In silico evaluation of two mass spectrometry-based approaches for the identification of novel human leukocyte cell-surface proteins Academic Article uri icon

abstract

  • The identification and quantitation of cell-surface proteins expressed by leukocytes currently use the wide availability of monoclonal antibodies (mAb) in immunohistochemical and flow cytometric assays. Presently, approximately 400 such proteins have been characterized; however, analysis of the completed human genome sequence indicates that it may contain several thousand as-yet unidentified molecules, which may be expressed on the leukocyte cell surface. Recent advances in protein isolation and analysis using mass spectrometry illustrate that it is now feasible to identify the protein composition of a complex sample such as a plasma membrane extract. Such an approach may be useful for the identification of the cell-surface proteins that have not been identified using mAb techniques. Here, we detail the results of an in silico evaluation of the peptides isolated using two methods used to label plasma membrane proteins to determine whether these methods are suitable for the identification of known leukocyte cell-surface proteins by mass spectrometry. The labeling of cell-surface proteins before isolation and characterization is a valuable means of differentiating between plasma membrane and internal membrane proteins The results indicate that although the majority of cell-surface proteins can be identified using either of the approaches, others known to be important diagnostically and/or therapeutically would not be identified using either approach. The implication of this for the use of these techniques in the discovery of new leukocyte cell-surface proteins is discussed.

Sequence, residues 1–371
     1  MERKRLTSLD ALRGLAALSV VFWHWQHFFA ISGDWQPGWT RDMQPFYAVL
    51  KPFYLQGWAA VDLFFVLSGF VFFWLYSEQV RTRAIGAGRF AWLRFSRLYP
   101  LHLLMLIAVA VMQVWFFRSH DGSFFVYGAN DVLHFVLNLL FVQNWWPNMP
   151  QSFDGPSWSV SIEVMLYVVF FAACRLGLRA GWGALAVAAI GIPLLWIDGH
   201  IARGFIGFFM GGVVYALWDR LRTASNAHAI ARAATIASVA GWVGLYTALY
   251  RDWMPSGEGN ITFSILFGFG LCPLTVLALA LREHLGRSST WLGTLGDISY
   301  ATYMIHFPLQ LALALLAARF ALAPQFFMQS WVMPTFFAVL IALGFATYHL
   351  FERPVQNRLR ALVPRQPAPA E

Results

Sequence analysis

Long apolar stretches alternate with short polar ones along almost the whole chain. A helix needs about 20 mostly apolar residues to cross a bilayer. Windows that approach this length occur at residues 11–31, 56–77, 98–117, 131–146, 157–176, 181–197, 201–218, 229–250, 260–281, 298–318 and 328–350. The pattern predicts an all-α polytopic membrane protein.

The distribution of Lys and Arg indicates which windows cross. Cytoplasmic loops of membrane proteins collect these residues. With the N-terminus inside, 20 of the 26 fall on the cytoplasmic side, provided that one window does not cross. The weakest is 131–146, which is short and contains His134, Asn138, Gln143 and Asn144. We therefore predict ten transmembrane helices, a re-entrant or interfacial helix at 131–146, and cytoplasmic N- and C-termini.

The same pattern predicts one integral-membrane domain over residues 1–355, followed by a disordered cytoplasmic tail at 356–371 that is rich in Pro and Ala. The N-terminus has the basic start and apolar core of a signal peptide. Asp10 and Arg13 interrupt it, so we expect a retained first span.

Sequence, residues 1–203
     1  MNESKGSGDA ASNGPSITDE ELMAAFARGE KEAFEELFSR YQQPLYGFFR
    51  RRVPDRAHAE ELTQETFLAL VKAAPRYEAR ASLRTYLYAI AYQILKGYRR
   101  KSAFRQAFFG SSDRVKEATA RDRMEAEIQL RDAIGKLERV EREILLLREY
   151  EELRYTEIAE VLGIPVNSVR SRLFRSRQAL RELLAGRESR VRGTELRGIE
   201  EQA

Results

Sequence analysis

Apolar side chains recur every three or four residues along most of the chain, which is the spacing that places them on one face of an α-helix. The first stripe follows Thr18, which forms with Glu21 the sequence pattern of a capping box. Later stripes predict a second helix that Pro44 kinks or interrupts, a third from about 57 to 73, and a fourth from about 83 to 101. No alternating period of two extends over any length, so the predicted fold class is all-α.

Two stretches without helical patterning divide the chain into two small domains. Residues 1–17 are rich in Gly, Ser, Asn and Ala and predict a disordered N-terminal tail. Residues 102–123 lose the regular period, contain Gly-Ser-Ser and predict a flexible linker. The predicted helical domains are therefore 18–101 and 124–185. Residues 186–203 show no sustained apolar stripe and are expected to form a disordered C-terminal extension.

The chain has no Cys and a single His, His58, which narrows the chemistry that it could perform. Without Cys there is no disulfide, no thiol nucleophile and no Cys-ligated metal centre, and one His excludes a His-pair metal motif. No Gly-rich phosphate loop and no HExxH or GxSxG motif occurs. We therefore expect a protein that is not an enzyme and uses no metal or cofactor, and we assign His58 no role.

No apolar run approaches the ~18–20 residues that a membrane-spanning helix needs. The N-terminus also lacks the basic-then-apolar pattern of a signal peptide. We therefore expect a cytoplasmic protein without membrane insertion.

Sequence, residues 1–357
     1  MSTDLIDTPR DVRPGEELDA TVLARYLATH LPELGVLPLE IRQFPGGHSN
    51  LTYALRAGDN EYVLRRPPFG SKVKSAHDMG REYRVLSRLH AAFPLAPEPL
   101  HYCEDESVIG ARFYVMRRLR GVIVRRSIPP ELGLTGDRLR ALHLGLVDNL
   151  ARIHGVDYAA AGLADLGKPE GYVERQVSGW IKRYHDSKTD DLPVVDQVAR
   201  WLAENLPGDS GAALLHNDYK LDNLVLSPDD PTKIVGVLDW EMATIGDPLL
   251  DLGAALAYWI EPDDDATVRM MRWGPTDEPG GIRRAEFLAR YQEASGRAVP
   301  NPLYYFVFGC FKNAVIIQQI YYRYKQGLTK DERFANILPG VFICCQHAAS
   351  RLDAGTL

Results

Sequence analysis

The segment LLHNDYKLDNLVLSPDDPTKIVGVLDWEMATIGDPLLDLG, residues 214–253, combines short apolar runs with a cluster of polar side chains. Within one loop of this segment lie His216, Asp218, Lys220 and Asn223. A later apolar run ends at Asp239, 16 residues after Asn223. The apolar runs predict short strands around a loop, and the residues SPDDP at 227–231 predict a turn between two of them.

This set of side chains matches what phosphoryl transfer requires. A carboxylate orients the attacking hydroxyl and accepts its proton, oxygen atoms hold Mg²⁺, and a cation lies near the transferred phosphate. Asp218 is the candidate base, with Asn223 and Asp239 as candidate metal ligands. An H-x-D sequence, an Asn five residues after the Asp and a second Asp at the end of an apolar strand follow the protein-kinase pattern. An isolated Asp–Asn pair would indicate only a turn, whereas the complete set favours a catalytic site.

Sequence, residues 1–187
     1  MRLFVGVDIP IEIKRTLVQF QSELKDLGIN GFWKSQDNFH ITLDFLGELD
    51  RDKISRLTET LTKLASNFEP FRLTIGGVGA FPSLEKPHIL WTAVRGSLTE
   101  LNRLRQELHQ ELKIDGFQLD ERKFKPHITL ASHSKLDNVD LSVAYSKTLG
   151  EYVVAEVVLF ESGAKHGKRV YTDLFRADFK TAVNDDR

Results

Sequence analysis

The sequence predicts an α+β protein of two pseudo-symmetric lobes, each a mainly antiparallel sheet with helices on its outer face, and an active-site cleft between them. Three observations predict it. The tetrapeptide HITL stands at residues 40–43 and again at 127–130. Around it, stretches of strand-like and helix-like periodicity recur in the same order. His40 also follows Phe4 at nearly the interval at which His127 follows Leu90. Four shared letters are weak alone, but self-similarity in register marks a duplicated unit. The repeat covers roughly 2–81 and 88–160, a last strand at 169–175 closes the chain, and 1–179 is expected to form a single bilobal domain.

publication date

  • February 2005